Tuesday, 8 June 2021

It is merely a variation

From Summers in Hollywood blog:

Different From the Others (Anders als die Andern), 1919

Starring Conrad Veidt, Different From the Others is a landmark German film which marks the first time a gay character is portrayed on film that we know of. In 1918 the German Revolution resulted in the formation of the Weimar Republic, and a new Social Democratic government was put into place which eliminated all national censorship for film. A lot of filmmakers in Germany then began tackling subjects which previously had been taboo, with sexual politics being discussed openly like they hadn’t been before.

The film was co-written by sexologist Magnus Hirschfeld, a famous pioneer of gay rights in the Weimar Republic. The film’s original title was Paragraph 175, which referred to the paragraph in the German Criminal Code that outlawed homosexuality. Although the film was quite successful, it led to huge controversy. Its argument that same-sex relationships were as normal and natural as heterosexual relationships was a controversial stance at the time. This film in particular was one of the reasons why censorship was then reinstated by the National Congress of Germany in the summer of 1920. There is only one known copy of the film to have survived, as the Nazis destroyed the majority of the prints after they came into power in 1933.Below are quotes from the film which highlight how progressive its message really was:

“You must not condemn your son because he is a homosexual, he is not to blame for his orientation. It is not wrong, nor should it be a crime. Indeed, it is not even an illness, merely a variation, and one that is common to all of nature.”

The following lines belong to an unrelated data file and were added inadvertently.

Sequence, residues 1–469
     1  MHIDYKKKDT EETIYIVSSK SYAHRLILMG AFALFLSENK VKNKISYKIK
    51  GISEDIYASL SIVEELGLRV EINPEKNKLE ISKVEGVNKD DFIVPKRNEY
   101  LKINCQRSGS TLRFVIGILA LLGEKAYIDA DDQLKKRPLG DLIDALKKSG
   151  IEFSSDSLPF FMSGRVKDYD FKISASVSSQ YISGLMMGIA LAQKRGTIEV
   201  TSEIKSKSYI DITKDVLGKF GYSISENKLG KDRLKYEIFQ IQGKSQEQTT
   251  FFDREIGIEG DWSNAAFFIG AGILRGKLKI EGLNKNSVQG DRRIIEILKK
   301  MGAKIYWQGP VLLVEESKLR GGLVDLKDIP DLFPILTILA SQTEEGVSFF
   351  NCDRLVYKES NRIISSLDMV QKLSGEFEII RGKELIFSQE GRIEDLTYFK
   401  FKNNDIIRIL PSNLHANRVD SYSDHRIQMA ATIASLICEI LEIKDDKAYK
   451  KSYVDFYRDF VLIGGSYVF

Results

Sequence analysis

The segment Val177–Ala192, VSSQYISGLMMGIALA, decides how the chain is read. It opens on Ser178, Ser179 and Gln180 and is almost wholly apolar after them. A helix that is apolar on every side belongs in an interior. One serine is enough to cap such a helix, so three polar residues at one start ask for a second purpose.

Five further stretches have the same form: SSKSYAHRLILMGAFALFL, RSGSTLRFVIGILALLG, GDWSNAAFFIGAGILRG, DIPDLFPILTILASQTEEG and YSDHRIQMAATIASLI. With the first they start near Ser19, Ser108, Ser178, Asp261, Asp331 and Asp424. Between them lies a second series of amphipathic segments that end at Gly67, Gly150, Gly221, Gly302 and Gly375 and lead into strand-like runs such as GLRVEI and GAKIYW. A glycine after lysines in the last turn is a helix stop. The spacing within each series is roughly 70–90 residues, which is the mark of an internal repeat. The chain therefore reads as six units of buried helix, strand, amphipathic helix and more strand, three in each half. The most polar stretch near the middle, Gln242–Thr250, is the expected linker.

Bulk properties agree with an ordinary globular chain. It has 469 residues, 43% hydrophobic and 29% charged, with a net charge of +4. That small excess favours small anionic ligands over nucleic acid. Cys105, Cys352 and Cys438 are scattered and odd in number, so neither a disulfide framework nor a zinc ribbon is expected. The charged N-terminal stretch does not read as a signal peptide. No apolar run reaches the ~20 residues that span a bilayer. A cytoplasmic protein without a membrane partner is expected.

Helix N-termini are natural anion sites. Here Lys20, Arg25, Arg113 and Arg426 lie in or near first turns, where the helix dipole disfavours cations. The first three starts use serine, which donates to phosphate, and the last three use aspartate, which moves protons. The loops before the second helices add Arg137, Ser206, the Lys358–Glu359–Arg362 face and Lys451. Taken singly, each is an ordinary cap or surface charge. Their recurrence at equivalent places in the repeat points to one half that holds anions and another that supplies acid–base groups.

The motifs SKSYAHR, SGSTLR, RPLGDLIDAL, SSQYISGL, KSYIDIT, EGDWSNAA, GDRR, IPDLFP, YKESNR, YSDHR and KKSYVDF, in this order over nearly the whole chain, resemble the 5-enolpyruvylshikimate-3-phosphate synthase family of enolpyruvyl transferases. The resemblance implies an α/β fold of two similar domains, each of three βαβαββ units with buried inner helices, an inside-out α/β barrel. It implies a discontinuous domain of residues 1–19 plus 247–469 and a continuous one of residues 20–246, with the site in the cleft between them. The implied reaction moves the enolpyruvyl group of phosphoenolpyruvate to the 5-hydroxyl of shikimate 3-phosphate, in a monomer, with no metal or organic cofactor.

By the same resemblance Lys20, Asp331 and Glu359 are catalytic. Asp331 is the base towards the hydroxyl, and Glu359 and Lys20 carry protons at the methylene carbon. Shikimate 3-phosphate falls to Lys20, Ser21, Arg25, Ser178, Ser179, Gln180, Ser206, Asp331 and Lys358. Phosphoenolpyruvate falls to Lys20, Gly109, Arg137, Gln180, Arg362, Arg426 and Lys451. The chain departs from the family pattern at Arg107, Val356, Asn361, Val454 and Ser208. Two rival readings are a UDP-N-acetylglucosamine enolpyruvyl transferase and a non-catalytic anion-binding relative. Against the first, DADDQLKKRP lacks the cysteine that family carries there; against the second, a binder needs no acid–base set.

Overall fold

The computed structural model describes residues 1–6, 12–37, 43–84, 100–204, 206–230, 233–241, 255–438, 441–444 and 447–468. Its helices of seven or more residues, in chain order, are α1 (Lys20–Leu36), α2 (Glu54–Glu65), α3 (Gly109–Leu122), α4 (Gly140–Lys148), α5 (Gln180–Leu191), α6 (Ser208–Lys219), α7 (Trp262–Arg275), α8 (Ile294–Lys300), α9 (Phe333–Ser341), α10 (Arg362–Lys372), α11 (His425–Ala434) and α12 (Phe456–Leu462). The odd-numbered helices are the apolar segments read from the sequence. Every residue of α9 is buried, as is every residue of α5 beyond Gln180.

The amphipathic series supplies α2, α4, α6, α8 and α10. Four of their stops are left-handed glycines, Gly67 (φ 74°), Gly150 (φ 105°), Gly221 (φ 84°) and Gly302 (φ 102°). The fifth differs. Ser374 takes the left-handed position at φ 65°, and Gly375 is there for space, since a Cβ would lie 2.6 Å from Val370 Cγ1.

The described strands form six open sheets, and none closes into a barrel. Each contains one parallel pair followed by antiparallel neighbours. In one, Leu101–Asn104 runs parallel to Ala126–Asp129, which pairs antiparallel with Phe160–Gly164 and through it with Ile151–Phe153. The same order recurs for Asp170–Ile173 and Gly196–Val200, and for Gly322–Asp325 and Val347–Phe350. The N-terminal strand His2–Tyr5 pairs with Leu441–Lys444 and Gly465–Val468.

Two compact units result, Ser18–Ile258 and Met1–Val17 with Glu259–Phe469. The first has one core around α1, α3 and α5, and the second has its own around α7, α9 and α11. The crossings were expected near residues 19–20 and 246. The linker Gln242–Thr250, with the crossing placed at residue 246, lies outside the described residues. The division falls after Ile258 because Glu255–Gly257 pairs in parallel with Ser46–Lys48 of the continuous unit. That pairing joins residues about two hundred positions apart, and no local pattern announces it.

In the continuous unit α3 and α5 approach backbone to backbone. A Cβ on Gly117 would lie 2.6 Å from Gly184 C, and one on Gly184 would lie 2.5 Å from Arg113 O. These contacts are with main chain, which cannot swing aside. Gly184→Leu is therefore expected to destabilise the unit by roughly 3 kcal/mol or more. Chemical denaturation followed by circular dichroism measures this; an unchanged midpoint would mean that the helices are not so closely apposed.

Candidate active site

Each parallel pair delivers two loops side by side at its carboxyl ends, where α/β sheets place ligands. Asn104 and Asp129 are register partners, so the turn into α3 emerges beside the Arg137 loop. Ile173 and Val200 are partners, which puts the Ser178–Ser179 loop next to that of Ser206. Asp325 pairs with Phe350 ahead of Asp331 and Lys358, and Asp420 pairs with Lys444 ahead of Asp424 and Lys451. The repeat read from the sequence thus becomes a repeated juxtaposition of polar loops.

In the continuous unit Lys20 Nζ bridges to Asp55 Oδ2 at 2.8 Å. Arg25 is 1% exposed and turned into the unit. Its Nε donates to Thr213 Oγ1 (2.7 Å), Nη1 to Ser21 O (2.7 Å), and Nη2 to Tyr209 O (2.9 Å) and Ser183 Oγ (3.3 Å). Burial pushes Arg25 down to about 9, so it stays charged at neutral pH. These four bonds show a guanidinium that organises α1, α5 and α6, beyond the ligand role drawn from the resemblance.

Love for one of the same sex is no less pure or noble than for one of the opposite. This orientation can be found in all levels of society, and among respected people. Those that say otherwise come only from ignorance and bigotry

Gay Pride, indeed. It just happens to be 102 years ago...

Different From the Others (Anders als die Andern) on IMDB.


  1. Thank you for the history lesson. I had no idea. I plan on returning to Berlin one day. I love their gay neighborhood and there is so much to learn from its history. When I was there, the orange ogre was in power, here, state side and I could draw parallels between what happened in Germany 1918 - 1933 and what was happening in the US. It chilled me. If we learn nothing from history? We are doomed to repeat it. Kizzes.

    1. As the wise saying goes: "Cherish your freedom, as it could easily be taken away." Jx

  2. How fascinating. I wonder how things would have turned out had censorship not been reinstated (and the Nazi's not coming into power, of course)?

    1. Sally Bowles would have ruled the German Empire! Of course. Jx


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